And here’s the connection to Halloween -- it isn’t all the folks being washed in the blood of the lamb. Halloween is All Hallows eve, the night before we celebrate All Saints Day; the darkness when evil seemed to be winning, is followed by a celebration of the victory of Jesus Christ. And it is not only Christ the Lamb who has risen, it is all of those faithful who committed themselves to Christ in this lifetime, whatever the cost. These are people from every nation of the earth who gave their lives for Christ. In Greek, the language of the New Testament, witness and martyr are the same word. Think about that for a moment, and what that would have meant for John’s readers: to speak out for Christ meant to risk being killed. That is not unthinkable in some place in the world even today.

We remember the people represented by these candles today because they were saints among us. Not because they were perfect, but because we loved them and Christ loved them. Some of them had been a part of our church family for as long as most of us can remember. Angi Harney shared with our Sunday School class that she has never attended a church that Lee and Deana Markley were not a part of. We rejoice that these friends and family members have now joined the company of saints, and are together with those in the throne room of heaven with the Lamb in the center singing, “Amen! Blessing and glory and wisdom and thanksgiving and honor and power and might be to our God forever and ever!” Whatever the darkness and suffering and pain of their lives and of ours, this is the eternal future of anyone who bears witness to the Lamb of God.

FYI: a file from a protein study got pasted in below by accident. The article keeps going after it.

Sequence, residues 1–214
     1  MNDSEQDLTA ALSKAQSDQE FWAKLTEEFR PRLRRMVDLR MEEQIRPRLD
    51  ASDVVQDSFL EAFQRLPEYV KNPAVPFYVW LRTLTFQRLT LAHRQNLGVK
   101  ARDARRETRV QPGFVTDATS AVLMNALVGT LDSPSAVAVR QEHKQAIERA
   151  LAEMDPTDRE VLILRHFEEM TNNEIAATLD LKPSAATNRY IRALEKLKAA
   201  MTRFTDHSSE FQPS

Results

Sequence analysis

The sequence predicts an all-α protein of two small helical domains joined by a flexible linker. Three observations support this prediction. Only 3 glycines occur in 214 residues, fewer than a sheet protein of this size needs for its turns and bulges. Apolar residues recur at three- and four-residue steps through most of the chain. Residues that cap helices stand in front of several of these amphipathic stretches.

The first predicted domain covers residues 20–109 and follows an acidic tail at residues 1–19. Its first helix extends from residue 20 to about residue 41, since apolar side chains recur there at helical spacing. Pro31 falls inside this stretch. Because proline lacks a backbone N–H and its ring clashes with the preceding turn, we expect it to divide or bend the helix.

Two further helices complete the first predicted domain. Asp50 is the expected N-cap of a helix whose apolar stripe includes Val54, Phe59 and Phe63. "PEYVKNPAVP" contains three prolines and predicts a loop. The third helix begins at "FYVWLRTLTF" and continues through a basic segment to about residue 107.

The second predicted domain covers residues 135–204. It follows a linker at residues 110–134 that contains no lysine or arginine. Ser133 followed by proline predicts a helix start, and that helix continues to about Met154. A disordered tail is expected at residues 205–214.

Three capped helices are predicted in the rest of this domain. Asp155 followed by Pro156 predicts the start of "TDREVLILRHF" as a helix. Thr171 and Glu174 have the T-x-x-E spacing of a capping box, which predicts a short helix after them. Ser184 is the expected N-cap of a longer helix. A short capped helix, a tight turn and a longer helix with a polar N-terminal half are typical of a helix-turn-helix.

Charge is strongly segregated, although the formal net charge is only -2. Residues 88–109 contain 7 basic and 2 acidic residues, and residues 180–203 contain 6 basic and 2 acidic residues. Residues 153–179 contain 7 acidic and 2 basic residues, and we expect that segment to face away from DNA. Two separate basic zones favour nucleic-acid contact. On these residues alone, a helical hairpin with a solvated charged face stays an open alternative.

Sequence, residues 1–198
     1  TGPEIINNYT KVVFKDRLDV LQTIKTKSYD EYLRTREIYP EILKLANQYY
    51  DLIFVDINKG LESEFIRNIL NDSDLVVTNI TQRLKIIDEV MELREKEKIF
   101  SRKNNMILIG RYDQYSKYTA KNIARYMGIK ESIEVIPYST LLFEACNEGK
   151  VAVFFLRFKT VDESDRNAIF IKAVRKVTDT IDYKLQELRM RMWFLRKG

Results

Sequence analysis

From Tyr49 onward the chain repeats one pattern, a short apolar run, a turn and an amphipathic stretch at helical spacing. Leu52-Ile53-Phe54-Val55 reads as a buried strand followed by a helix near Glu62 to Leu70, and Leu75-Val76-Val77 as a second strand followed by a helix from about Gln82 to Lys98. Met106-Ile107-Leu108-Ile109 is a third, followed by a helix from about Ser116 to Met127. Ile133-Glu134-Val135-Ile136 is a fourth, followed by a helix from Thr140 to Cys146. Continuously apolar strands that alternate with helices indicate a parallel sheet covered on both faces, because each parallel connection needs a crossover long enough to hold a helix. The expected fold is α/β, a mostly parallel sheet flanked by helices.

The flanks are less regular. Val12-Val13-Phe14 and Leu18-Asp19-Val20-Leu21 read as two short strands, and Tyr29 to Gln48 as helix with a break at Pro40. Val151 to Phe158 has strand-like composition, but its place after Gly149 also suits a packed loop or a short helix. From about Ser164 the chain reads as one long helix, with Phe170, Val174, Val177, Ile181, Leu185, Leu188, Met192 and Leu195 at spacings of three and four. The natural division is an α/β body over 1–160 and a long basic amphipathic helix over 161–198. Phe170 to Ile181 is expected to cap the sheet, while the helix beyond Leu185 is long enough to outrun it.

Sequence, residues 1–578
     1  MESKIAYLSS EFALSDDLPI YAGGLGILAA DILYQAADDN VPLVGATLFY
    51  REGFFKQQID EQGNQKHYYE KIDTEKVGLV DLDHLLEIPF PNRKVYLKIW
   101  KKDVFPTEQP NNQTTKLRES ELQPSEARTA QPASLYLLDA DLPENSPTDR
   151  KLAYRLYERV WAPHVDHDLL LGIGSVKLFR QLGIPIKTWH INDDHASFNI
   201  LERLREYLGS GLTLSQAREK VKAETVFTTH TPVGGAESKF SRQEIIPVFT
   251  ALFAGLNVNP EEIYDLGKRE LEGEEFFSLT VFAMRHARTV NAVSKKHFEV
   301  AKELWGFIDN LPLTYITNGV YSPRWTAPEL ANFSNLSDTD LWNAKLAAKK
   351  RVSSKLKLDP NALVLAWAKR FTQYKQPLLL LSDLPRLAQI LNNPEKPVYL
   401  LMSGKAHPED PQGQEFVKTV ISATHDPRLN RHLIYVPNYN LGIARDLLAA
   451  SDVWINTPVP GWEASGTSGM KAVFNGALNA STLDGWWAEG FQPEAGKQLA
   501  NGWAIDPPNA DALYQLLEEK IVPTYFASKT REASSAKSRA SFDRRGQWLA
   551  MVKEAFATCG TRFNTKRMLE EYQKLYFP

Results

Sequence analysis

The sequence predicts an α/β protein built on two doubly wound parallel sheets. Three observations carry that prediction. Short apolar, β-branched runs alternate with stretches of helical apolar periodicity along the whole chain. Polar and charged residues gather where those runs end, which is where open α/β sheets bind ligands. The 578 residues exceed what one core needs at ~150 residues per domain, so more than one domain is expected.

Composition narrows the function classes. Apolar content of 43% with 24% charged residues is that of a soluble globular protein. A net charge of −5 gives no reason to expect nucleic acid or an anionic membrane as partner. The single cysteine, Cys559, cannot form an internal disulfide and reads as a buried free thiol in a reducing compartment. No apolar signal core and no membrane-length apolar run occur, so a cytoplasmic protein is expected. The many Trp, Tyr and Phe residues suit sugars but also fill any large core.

The praise of God by the saints in heaven never ends, but it doesn’t begin when we die. For the faithful, that praise began when we accepted Christ as our resurrected Lord and Savior, and that praise continues throughout whatever time we have left in our lives. We celebrate the saints who have left us to be with God, but it’s also good to take time on this day to recognize the saints among us. Parents, Sunday School teachers, Bible study leaders, pastors, friends who share our struggles and encourage us and point the way to the kingdom of God . I know if you look around at the folks here in the Worship Center, probably even at some of the cars in the parking lot, and maybe even at someone sitting with you in a Sunday School classroom, you will see a saint-in-training: someone who has committed their unique gifts and given their time and talents to continue to the work of Jesus, right now. Acknowledging that there are saints among us is one of the best ways to recognize the saints within us: our better angels who help us to be more just, compassionate, and faithful. Someone who can guide the way for others. We are all flawed and imperfect people, doing what we can in a flawed and imperfect and sometimes scary world -- a world which frankly, no politician has the power to fix. That is why our hope, our commitment, and our allegiance must be to Christ the Lamb. We know Christ will win because Christ has already won: the ending was determined when he was resurrected. Christ has defeated death and evil and all the scariest things which John of Patmos could imagine. We give thanks for the saints who have already received that promise of eternity; we commit to live and witness to that promise, so that we too may cry “Worthy is the Lamb!” Thank you for the lives which you touch every day. May God find us faithful when it is our turn to join the company of saints. God bless you. Amen